From 1774 to 1781, Delegates from the 13 colonies located along the eastern seaboard of British North America met in the First Continental Congress (1774) and the Second Continental Congress (1775–1781) to declare their independence from England, manage the Revolutionary War, and set the groundwork for what would become a new nation. Following the ratification of the Articles of Confederation, which created a limited central governing structure, Delegates from the states met in the Confederation Congress (1781–1789) to chart a path forward with their newfound freedom. When the Articles of Confederation proved unable to meet the needs of the young country, states sent Delegates to the Constitutional Convention in Philadelphia in the summer of 1787 to draft a new, stronger governing document, creating the United States of America and its federal legislature, including the House of Representatives.
The Continental Congress was an itinerant legislature, often moving to escape British forces during the Revolutionary War. All told, Delegates met in nine different locations between 1774 and 1789.
When the First Continental Congress convened in Philadelphia on September 5, 1774, the Delegates elected a presiding officer to oversee the revolutionary legislature’s sessions. Given the title of “president,” this officer held several important parliamentary responsibilities and acted as the “first member” of the Continental Congress.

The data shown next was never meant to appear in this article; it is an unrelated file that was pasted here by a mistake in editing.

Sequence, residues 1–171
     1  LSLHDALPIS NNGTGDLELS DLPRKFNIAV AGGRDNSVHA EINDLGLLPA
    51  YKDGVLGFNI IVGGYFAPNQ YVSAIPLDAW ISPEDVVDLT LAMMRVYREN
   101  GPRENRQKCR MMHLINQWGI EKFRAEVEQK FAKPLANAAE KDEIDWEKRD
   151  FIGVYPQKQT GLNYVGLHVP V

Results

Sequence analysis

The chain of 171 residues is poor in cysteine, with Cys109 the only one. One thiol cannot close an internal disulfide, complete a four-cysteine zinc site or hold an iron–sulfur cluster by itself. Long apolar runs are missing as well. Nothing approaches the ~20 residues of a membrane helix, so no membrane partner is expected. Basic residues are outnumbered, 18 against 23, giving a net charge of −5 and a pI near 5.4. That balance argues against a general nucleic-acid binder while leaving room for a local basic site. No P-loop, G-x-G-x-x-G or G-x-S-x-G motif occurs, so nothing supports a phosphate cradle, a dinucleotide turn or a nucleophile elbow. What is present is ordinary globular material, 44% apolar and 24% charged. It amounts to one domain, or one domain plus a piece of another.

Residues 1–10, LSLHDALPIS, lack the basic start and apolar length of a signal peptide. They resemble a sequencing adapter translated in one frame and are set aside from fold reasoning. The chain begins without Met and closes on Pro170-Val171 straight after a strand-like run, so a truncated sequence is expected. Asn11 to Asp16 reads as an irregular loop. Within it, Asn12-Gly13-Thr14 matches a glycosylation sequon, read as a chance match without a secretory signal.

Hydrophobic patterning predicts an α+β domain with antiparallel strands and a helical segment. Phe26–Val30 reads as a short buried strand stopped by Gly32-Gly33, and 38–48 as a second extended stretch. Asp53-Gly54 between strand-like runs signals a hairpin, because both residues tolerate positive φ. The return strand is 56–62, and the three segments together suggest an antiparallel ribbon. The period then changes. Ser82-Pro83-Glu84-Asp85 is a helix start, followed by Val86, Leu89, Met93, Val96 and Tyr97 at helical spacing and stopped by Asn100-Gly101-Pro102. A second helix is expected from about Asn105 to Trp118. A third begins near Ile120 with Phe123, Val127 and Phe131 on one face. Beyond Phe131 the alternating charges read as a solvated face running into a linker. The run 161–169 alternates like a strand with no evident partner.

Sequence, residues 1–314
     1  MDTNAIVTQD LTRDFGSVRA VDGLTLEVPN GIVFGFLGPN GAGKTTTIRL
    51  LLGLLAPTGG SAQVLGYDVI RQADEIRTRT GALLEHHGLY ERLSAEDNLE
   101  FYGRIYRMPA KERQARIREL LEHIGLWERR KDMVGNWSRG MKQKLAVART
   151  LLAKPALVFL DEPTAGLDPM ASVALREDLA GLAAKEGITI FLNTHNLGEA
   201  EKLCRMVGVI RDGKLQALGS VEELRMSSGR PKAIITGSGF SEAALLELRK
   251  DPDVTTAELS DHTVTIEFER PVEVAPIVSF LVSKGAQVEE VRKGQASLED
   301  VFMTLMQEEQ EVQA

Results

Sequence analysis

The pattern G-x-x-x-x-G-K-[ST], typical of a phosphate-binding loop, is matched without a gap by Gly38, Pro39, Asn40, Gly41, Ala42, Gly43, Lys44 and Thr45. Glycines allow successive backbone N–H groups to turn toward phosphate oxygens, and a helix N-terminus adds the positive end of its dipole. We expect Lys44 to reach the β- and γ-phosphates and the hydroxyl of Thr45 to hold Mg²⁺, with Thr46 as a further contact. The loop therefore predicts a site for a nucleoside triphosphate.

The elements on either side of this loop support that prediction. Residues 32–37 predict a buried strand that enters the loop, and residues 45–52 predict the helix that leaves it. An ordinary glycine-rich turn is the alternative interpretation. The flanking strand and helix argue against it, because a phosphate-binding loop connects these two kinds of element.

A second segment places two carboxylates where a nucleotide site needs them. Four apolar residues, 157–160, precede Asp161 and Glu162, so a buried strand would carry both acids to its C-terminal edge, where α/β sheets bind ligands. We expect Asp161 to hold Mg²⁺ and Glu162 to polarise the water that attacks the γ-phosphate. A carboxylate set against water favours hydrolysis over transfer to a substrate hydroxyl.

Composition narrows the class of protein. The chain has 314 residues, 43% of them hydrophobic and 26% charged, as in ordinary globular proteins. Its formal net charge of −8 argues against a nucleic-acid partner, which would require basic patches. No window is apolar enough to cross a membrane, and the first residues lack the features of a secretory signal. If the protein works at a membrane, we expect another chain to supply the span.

One of the legacies of the Continental and Confederation Congresses was the convening of the Federal Convention of 1787. Listed here are the 34 Continental and Confederation Congress Delegates who signed the United States Constitution.
Find materials that will aid researchers and students in gaining an understanding of the institutional developments and personalities of the pre-Federal congresses.
Read stories from daily Historical Highlights featuring the Continental and Confederation Congresses.
Learn biographical information and obtain bibliographical information for all 366 Members of the Continental and Confederation Congresses.